1. you’re going to estate sales?! take me with you! 😛
2. love that bright orange-y flower in the middle.
3. your last paragraph resonates so much with me (as you know!). if i just replace your activities for mine, it’s identical. “i feel a great sense of surface peace, troubled by an internal emptiness, a fear of not fulfilling myself.” this is EXACTLY how i feel; you captured it so eloquently. “where if i paint for even just an hour – as i did with those flower sketches, above – i feel good about myself.” SAME HERE (replacing “paint” with the appropriate verb, of course).
Hee. Are you down for driving across the bay for estate sales? There’s one this weekend in my neighborhood… 😉
The working-not-nesting progress is very spotty. ;b
I make paneer a lot (with yogurt, salt and lemon juice….variating with a dash of oregano sometimes, more recently with some grated orange zest), and I absolutely LOVE paalak paneer! So happy you like it too 🙂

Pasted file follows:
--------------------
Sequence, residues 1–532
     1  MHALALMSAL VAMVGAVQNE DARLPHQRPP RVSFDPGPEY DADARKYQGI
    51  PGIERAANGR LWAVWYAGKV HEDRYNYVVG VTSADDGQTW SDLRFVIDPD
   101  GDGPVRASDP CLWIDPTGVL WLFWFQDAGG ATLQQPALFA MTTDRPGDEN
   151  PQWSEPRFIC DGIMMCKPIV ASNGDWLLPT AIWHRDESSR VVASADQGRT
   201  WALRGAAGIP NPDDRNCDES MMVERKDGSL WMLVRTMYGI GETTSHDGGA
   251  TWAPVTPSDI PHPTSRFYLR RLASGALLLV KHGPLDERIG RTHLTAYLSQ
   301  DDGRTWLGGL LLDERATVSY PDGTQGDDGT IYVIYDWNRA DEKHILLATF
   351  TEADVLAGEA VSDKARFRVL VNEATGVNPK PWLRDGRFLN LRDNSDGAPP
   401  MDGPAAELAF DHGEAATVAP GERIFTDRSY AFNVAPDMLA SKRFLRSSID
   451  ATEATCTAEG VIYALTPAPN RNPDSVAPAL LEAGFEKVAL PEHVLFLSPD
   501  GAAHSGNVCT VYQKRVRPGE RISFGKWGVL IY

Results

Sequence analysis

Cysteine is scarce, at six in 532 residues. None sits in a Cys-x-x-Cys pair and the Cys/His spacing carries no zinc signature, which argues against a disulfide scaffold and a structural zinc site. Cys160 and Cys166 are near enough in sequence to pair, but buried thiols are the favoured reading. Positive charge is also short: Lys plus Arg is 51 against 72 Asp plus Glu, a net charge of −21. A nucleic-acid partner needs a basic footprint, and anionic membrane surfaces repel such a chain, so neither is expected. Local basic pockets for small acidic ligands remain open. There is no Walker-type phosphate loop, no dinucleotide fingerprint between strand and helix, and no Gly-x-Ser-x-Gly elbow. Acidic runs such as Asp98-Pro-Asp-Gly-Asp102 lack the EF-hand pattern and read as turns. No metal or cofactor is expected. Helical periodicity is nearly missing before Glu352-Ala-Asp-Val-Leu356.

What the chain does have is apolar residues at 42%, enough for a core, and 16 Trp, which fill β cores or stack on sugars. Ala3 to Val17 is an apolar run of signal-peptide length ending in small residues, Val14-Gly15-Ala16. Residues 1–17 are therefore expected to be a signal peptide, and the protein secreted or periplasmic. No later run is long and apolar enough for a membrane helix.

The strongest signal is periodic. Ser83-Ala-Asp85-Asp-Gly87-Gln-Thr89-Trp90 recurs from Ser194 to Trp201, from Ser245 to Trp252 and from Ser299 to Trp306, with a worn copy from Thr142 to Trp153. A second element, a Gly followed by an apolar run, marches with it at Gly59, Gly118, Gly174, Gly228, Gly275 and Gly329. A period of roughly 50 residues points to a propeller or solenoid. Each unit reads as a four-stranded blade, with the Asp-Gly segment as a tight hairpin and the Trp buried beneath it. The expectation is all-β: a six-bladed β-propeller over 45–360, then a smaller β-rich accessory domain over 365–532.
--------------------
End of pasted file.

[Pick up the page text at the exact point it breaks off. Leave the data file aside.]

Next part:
House looks good and I love your pots and your neat kitchen cabinets. Interesting insight into your takeaway from the whole nomadic thing you did. I’m curious to see how long your minimalist phase lasts 😉
Can totally relate to the artistic/domestic conundrum.Speaking of which, I must try making arugula pesto! Right after I make coriander pesto tomorrow 🙂
p.s. Loving the floral theme so far…..it IS a theme, right? I mean, the armchair, the 3-d flower art and these paintings go so well together!
It is a theme, but a wholly unintentional one! I don’t think of myself as a particularly floral-loving person but I am quite drawn to them… and they do seem to go nicely with the apartment. 😉